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Largest automated container terminal in Shanghai

China started trial operations of the world’s biggest automated container terminal, the Shanghai Yangshan Deep Water Port, in eastern China, on Sunday (Dec 10), Chinese official media reported. Located at the south of Donghai Bridge, phase 4 of the Yangshan Port covers 2.23 million sq m and has a 2,350-m shoreline.

Once it enters full operation, the fourth phase of the Yangshan Port will initially be able to handle 4 million TEUs (twenty-foot equivalent units). The number will expand to 6.3 million TEUs later on. The automated terminal not only increases the port’s handling efficiency, but also reduces carbon emissions by up to 10 percent, source said.

Shipping costs surging globally

Booming rates to ship iron and coal are giving grain traders a migraine. The cost of moving pretty much every dry-bulk commodity — from fertilizer to salt to rocks — has surged since July, lifting the London-based Baltic Exchange’s main freight gauge to its highest in almost four years.

The rally has been fired by China’s insatiable demand for coal and iron ore, more than tripling rates for giant Capesize ships that dominate both trades. With the surge driving up shipping rate across the board, that’s bad news for agricultural traders already contending with the biggest supply gluts in years: they’re having to pay more to transport crops at a time when they can least afford it.

Essar port to complete Rs 830 crore expansion

Ahead of the commissioning of a new 8,000-tonne per hour ship loader, the Essar Group run Vizag Port is shutting its operations for seven days. The commissioning of the ship loader is part of the port’s Rs 830 crore modernization and expansion project, the Port Said. This expansion will upgrade and expand the harbour’s iron ore handling capacity from 12.5 million tone to 23 mt per annum.

During the shut from December 13 to December 19, other cargo handling equipment, including a new reclaimer and a mechanical conveyor system, will also be commissioned. The new ship loader can handle 120,000 tonne per day cargo which will translate to shorter turnaround time and competitive freight costs for exporters on the East Coast.


Indiato separate Kolkata, Haldia docks

The Shipping Ministry has started work on separating the accounts of Kolkata Dock System (KDS) and Haldia Dock Complex (HDC), which experts say could be the first step towards hiving off the two into independent entities. Currently, both KDS and HDC come under Kolkata Port Trust, one of the 12 government-owned ports. It is also the only port among the dozen with two dock systems. KDS has to improve its performance; it just cannot piggy-ride on HDC. The general view is that KDS should improve its performance and reduce expenditure to make it a viable organization.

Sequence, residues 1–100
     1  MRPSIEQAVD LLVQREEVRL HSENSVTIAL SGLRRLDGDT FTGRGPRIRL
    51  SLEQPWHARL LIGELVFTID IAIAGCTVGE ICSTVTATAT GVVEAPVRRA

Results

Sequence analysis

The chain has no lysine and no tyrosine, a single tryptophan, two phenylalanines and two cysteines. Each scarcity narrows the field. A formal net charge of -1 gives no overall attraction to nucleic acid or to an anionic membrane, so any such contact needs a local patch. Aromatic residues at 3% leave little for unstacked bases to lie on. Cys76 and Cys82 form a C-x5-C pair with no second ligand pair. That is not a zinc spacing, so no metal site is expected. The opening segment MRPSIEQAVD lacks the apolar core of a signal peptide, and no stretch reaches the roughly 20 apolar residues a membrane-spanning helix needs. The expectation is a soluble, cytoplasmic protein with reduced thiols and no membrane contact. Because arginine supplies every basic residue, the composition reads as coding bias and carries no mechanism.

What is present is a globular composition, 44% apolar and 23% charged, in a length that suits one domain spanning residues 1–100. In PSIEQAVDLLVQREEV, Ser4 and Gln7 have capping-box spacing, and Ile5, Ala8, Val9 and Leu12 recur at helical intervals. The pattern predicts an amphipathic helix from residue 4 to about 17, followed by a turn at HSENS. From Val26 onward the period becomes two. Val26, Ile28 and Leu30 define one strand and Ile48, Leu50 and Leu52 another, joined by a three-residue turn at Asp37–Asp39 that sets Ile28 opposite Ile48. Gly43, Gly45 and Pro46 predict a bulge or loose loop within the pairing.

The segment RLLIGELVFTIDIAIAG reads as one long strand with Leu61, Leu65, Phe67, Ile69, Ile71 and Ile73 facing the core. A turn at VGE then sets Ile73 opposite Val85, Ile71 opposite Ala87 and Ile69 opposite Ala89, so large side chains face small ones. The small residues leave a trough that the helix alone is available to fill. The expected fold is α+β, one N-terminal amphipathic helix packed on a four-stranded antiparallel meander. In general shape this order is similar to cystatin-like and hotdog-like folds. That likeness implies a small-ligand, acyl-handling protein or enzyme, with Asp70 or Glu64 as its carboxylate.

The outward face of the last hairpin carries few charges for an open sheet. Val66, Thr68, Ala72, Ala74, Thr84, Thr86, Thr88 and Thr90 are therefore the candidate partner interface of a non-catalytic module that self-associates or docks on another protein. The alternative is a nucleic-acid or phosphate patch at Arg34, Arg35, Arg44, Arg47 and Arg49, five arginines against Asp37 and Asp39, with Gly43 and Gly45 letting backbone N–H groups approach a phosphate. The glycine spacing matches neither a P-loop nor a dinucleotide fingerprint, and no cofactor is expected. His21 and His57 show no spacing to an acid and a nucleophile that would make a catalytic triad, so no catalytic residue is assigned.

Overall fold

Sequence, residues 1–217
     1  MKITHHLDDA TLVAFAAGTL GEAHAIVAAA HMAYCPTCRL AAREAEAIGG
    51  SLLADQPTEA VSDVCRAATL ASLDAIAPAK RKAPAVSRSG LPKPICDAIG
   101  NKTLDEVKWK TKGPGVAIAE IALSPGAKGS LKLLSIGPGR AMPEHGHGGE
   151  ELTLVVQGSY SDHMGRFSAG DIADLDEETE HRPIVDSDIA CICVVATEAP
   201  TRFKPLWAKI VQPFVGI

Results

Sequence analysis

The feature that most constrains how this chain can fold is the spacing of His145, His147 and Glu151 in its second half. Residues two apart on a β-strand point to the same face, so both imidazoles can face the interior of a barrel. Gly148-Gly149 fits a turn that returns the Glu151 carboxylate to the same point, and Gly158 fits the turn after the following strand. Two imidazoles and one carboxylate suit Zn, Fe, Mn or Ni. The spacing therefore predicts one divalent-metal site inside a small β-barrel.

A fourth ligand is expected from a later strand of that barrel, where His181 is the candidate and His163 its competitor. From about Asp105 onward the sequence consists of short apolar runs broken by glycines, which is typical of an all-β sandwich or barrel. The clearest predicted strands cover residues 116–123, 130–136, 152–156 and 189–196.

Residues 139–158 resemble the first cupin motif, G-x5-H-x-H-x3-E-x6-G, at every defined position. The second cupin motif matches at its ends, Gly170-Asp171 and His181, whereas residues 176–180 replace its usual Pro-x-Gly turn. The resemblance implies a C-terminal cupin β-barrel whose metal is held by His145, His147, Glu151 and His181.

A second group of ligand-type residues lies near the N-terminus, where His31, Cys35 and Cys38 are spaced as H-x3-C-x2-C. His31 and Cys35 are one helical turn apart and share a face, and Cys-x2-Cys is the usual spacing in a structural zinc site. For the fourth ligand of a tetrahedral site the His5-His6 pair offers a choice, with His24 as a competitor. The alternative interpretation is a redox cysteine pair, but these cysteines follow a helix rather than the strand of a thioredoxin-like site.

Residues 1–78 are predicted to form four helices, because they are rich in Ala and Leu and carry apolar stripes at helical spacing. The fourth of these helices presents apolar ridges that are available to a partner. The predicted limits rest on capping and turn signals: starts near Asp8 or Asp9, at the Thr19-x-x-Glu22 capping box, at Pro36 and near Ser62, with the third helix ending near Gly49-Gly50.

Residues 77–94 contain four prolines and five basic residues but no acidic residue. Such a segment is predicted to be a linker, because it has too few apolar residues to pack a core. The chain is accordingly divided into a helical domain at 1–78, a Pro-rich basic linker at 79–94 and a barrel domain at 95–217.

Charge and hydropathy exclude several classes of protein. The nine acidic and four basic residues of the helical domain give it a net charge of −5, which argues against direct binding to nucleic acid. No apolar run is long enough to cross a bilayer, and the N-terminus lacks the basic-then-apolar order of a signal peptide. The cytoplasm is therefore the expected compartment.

Payra to be turned into a deep-sea port for Bangladesh

Payra port in Bangladesh is to be dredged to deliver a draft of 16 metres that would enable large container ships to call and reduce transit time to the country by one month as cargo would no longer require transshipment via Colombo or Singapore.

Dredging is expected to commence soon after a technical evaluation is completed, as the Payra port authority and Jan De Nul have formed a joint venture to handle the US$600 million project, reported IHS Media. Payra will have rail, road, and waterway links with the capital of Dhaka, around which most of the country’s garment industry is based making the area the primary destination for imports and origin point for exports. Bangladesh Railway and the United Kingdom’s DP Rail last year signed a deal to develop a 240-kilometre railway line between Dhaka and Payra seaport.

The Jones act costs all Americans too much

Puerto Rico’s post-hurricane plight has drawn attention to the Jones Act, the 1920 law that compels all maritime commerce between US ports to be carried on ships built, owned and crewed by Americans. The law is adding to the island’s problems, and should be set aside for that reason alone — but the Jones Act was, or should have been, a scandal well before the hurricane hit.

What Americans ought to ask is not whether the law should be waived in the long term for Puerto Rico to speed its recovery, but whether its costs are something the country as a whole should tolerate under any circumstances. To be sure, the island’s needs are most pressing. Jones Act-compliant ships cost more to build and sail than their foreign-flagged counterparts, so Puerto Ricans have to pay more for everything from oil and machinery to food, medicine and clothing.

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